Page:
The Pogues' "Fairytale of New York" is still Ireland's most-loved Christmas song 34 years after its release.
Released in 1987, the Christmas classic performed by Shane MacGowan and the late Kirsty MacColl is still the country's favorite ballad for this time of year, according to a new survey from Applegreen.
Applegreen, a motorway forecourt and convenience retailer in Ireland, surveyed more than 1,000 road users to find Ireland's most common and favorite festive rituals over the Christmas season.
When asked the nation's favorite festive anthem, 41 percent of survey respondents named The Pogues' hit; meanwhile Chris Rea’s iconic "Driving Home for Christmas" took the runner-up spot, at 28 percent, reports The Irish Mirror.
“Fairytale of New York” was initially released as a single on November 23, 1987 and then later featured on The Pogues' 1988 album 'If I Should Fall from Grace with God.'
Over the years, the folk-style ballad has continued to be a Christmas hit in the U.K. and Ireland, where it topped the VH1 greatest Christmas song charts at #1 for three years running between 2004 and 2006. According to Songfacts.com, it is the 19th most charted song of all time.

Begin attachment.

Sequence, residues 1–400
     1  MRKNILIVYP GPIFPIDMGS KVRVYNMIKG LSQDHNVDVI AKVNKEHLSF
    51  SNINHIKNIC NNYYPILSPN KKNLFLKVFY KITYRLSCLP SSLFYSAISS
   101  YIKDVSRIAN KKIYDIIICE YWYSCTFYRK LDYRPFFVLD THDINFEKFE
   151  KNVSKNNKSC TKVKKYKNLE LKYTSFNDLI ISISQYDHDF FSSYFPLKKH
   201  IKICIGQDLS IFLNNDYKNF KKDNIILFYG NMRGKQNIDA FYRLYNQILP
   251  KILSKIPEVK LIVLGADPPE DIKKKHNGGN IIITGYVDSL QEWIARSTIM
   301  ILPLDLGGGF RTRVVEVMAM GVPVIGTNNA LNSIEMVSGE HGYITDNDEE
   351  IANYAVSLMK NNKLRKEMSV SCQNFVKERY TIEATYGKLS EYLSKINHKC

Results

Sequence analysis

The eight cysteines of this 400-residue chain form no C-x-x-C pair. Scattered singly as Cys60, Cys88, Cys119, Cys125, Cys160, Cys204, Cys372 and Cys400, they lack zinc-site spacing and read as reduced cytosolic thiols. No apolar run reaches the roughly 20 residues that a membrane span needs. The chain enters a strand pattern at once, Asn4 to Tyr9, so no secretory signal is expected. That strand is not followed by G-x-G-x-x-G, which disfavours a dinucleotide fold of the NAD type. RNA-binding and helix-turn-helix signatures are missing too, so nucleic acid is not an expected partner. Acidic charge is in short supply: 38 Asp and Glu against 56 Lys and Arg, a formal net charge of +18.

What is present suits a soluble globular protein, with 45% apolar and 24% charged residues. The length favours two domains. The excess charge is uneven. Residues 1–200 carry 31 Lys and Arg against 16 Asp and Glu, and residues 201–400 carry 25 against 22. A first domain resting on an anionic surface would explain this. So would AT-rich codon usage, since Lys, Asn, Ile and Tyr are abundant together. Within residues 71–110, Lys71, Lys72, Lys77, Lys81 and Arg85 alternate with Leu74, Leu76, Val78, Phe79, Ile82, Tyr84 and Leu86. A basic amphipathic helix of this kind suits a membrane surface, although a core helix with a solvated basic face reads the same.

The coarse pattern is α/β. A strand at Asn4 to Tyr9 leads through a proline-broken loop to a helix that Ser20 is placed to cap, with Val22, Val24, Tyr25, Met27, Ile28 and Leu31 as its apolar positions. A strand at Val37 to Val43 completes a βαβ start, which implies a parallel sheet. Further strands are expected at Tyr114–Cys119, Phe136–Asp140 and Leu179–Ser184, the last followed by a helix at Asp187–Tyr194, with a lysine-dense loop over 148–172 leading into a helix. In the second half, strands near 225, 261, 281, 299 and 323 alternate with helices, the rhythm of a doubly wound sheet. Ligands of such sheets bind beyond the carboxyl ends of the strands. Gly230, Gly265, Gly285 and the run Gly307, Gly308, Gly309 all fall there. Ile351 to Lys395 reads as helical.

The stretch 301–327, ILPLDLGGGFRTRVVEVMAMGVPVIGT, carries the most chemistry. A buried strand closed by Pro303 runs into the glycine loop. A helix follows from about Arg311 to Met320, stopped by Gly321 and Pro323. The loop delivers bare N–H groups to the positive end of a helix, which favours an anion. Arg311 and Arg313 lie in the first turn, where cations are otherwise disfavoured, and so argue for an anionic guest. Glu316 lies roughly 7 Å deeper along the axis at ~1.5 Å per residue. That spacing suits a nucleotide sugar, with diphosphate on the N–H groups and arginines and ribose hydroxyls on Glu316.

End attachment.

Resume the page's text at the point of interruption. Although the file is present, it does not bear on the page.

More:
The song remains popular despite continued controversy over its lyrics, which contains derogatory terms for gender and sexuality, with some radio stations playing an edited version of the song.
In a December 2012 article written for The Guardian about the story behind the song, Dorian Lynskey wrote: "Once upon a time a band set out to make a Christmas song. Not about snow or sleigh rides or mistletoe or miracles, but lost youth and ruined dreams. A song in which Christmas is as much the problem as it is the solution. A kind of anti-Christmas song that ended up being, for a generation, the Christmas song.
"It is loved because it feels more emotionally 'real' than the homesick sentimentality of White Christmas or the bullish bonhomie of Merry Xmas Everybody, but it contains elements of both and the story it tells is an unreal fantasy of 1940s New York dreamed up in 1980s London."